Reach Deep with Facebook
My personal journey through social media.
By Vincent Gutierrez, PT, DPT, cert. MDT
My personal journey with the social networking aspect of physical therapy marketing through social media began with a blog and progressed to Facebook with fascinating and encouraging results.
Recently, I returned to private practice from a hospital outpatient clinic. Anticipating this change, I started an evolving experiment on how to reach the public.
I have had a blog for over two years and experienced growth from 3,843 visitors to 6,960 visitors—this is an 81 percent improvement over the first year. The downside, or upside depending on perspective, is that it was viewed in 62 countries in the current year. This works well for stroking my ego and for educating on a global scale but not well for bringing patients into the clinic. It’s highly unlikely that my readers from Bahrain, Oman, or Albania will ever walk through the door.
With that in mind, I realized that my perspective and goals needed to change. I transitioned from casting a wide net to more of a deep reach. About six months ago, I started a Facebook page to promote myself as a physical therapist. Since initiation, the page has had over 20,000 views on the videos alone. I enjoy writing much more than videos, but video content is “king” as Gary Vaynerchuk (GaryVee) says. These videos have spurred a side project, which is directly correlated to increased visibility in my immediate neighborhood. After starting this project, I was asked to give four community lectures as a direct result of these Facebook videos. Clearly, a clinic’s Facebook page can have the same results and effect.
As professionals, we see social media as an opportunity to reach an audience, educate, and answer questions. There are many people in our own professional community who are doing this well, and they should be recognized. I was fortunate to have a conversation with Paul Gough, and his advice was memorable. He stressed the importance of Facebook and strongly feels that to not use it would be a horrible decision. Unfortunately, there are still physical therapists who are not leveraging the celebrity status that can be afforded through Facebook for free, or at a reasonable price if one is paying for advertising.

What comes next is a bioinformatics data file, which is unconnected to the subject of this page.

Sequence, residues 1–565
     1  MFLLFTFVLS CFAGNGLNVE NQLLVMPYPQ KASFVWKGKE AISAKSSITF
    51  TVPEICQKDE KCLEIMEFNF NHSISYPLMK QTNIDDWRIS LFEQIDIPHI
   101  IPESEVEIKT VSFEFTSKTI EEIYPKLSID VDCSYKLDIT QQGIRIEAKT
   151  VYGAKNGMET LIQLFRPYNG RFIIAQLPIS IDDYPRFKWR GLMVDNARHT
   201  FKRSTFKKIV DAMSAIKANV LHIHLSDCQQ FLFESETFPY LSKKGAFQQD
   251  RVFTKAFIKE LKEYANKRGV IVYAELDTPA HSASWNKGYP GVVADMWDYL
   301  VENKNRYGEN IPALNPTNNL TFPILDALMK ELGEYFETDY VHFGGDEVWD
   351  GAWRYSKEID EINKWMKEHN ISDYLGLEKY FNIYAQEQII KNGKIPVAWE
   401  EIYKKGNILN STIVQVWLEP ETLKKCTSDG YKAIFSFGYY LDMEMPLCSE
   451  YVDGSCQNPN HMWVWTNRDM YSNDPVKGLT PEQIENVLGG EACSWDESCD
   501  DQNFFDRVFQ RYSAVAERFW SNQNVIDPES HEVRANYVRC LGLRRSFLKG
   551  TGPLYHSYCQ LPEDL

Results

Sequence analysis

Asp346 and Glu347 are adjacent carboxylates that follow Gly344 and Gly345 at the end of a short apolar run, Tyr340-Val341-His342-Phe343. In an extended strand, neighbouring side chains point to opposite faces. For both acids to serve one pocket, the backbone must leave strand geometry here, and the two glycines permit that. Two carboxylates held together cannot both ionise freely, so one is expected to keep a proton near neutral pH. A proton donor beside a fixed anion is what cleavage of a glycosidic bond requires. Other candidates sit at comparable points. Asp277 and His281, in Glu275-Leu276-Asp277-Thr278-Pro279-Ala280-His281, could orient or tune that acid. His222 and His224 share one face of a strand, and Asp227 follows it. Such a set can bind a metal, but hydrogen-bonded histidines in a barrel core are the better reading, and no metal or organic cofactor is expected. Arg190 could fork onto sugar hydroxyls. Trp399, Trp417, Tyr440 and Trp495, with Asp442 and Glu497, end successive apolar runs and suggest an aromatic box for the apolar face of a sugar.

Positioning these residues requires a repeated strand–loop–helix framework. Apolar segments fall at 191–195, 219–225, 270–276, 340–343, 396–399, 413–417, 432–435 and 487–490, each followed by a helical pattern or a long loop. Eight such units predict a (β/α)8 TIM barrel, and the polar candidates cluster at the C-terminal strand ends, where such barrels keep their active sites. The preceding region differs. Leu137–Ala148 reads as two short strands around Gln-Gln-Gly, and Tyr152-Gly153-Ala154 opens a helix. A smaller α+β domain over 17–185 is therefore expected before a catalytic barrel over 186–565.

There are over 2 billion users worldwide on Facebook, with 214 million users being unique to the United States. About 7 out of every 10 persons in the United States have a Facebook account.1 Facebook, at this point, is the fastest way for us to reach as many people as possible in a short period of time. It is apparent that we need to have a greater presence in the health care–seeking population and cannot depend on other health care providers to advocate for us. Fritz et al. reported that only 7 percent of patients seek physical therapy after an encounter with primary health care providers concerning low back pain.2 This statistic is infuriating! Facebook allows us to educate the overall population about our services—with far-reaching results.
Better than my blog, Facebook created ways in which I, as the content producer, could create a target audience for the information provided. A recent video was shared 22 times with 1,800 views, and this was targeted to my immediate geographic area. These videos, as said previously, are producing requests for speaking engagements in the community. Other than time invested, all of this was free. Many have said that when people know, like, and trust you they will come to you for service. Facebook gives us these opportunities.
How you create content for your business page is entirely up to you. We know that content that delivers a positive emotional experience or is perceived as useful factors into a person’s decision to share content with others.3 For those not familiar with GaryVee, I highly recommend his book, Jab, Jab, Jab, Right Hook.4 This book highlights using social media to build relationships with the consumer by offering a complimentary service prior to asking them to make a purchase. This is not groundbreaking information, as those in sales have done this for years. In our tight circle of health care, though, these concepts are only recently being promoted.
People are already talking on Facebook. As professionals, we can impact how these messages are spread. There are over 40 back pain support groups on Facebook alone! A quick search shows that the largest group has 11,000 members. I am a member of some of the groups in order to dispel some of the myths that I find promoted in the group discussions and to advocate for our profession through education.
As professionals, we have an obligation to educate our consumers through social media.5 As business owners, partners, and managers, we can’t afford not to use social media to attract new patients/customers to our practices.
1. statista.com/statistics/272014/global-social-networks-ranked-by-number-of-users. Accessed January 2018.
2. Fritz JM, Childs JD, Wainner RS, Flynn TW. Primary care referral of patients with low back pain to physical therapy. Spine. 2012;37:2114-2121.
3. Izawa M. What Makes Viral Videos Viral: Roles of Emotion, Impression, Utility, and Social Ties in Online Sharing Behavior. Baltimore, MD: John Hopkins University; 2010.
4. Vaynerchuk G. Jab, Jab, Jab, Right Hook: How to Tell Your Story in a Noisy Social World. New York, NY: HarperCollins; 2013.
5. Timimi FK. Medicine, morality and health care social media. BMC Med. 2012;10:83.
Vince Gutierrez, PT, DPT, is a PPS member and clinician at Functional Therapy and Rehabilitation in Joliet, Illinois. He serves as Clinical Faculty for Governors State University. He can be reached at email@example.com or movementthinker.org.